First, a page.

It look like Canada is set to align its emissions regulations with those of the U.S.
Canada’s Environment Minister, the Honourable Peter Kent, announced yesterday proposed regulations to improve fuel efficiency and reduce greenhouse gas (GHG) emissions of passenger automobiles and light trucks for model years 2017 to 2025.
“These new regulations improve fuel efficiency so that by 2025 new cars will consume 50% less fuel and emit 50-percent less GHGs than a similar 2008 model, leading to significant savings at the pump,” said Minister Kent. “At today’s gas prices, a Canadian driving a model year 2025 vehicle would pay, on average, around $900 less per year compared to driving today’s new vehicles.”
According to a press release sent by the environment minister’s office, the proposed regulations would establish progressively more stringent GHG emission standards for passenger automobiles and light trucks over the 2017 to 2025 model years and would build on regulations already in place for model years 2011 to 2016. It is expected that these regulations will reduce GHG’s by 162 megatonnes between 2017 and 2025.
The proposed regulations are aligned with stringent United States regulations.
The Canadian government says this approach provides significant environmental and economic benefits and preserves the competitiveness of Canadian vehicle manufacturers within the highly integrated North American auto industry.
While the regulations are aligned, Canada has made some unique contributions. For example, our country included greater regulatory incentives for advanced technology vehicles such as electric vehicles and plug-in hybrids for model years 2011 to 2016, and both countries are now following suit for model years 2017 to 2021.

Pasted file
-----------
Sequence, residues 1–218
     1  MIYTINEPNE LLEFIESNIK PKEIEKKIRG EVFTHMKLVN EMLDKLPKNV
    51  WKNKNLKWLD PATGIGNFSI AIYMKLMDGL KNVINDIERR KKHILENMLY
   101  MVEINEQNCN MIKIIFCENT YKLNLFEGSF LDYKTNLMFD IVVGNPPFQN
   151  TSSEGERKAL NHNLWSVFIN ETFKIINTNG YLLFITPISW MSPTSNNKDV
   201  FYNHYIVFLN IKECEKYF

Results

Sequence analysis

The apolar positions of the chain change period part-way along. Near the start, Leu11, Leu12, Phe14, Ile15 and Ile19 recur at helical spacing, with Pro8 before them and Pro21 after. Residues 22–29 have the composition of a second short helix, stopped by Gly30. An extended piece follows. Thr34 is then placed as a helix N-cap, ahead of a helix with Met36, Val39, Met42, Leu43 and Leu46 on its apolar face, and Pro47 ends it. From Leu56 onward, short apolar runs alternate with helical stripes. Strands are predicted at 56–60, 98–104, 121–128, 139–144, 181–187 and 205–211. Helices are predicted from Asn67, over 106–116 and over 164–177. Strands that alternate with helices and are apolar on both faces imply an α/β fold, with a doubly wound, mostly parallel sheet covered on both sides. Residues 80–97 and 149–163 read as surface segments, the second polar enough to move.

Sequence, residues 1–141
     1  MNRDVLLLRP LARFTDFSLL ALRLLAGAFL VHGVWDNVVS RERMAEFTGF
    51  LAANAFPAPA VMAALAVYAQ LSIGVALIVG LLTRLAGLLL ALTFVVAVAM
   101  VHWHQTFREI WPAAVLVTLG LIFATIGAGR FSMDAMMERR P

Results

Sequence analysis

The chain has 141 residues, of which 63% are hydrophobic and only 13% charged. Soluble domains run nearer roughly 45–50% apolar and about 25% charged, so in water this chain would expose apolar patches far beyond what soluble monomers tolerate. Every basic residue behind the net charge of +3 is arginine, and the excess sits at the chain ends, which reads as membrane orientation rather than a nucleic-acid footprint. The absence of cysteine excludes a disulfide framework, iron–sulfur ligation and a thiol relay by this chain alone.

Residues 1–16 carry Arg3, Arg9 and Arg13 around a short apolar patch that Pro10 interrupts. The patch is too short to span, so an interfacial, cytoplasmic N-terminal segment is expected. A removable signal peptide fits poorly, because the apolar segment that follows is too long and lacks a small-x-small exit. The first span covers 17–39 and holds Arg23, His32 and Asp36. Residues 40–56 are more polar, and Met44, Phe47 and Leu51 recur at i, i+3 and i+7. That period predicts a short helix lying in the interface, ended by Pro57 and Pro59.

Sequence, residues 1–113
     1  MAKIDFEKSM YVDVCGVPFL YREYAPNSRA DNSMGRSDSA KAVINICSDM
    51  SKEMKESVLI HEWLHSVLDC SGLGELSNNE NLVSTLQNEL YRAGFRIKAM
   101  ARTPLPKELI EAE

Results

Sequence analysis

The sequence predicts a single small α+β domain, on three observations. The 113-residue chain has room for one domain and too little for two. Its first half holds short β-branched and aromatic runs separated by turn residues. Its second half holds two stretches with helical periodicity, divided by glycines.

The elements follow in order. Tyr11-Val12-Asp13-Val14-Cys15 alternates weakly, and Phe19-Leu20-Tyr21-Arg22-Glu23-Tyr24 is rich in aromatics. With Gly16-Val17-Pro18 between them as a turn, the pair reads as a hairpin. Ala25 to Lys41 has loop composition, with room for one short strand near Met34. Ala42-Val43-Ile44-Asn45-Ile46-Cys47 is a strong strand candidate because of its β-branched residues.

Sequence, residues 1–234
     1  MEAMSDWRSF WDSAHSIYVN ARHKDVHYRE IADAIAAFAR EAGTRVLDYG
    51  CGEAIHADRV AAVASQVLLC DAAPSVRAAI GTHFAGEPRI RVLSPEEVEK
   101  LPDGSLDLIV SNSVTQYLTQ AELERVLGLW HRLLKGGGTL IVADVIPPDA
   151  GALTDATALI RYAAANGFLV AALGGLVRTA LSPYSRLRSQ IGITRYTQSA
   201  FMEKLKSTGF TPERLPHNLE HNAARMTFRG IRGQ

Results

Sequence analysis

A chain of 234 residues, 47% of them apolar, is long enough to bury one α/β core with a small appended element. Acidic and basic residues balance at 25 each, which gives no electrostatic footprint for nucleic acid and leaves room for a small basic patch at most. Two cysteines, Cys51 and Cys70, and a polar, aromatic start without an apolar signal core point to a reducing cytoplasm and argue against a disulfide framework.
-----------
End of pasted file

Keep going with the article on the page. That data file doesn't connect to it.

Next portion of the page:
“It is an approach which will ensure that new more advanced technologies come to market more quickly with greater choice of products at more affordable prices for consumers, by taking advantage of the economies of scale derived from the larger integrated market inherent in the North American automobile industry. And that ensures greater environmental benefits sooner” , said Mark Nantais, President of the Canadian Vehicle Manufacturers’ Association (CVMA).
Combined with the model years 2011-2016 light duty vehicle GHG standards, today’s final program will result in MY 2025 vehicles emitting roughly one-half of the GHG emissions as those from 2010.
These proposed regulations are an important part of the Government of Canada’s overall climate change strategy, which aims to reduce GHG emissions by 17 percent from 2005 levels by 2020.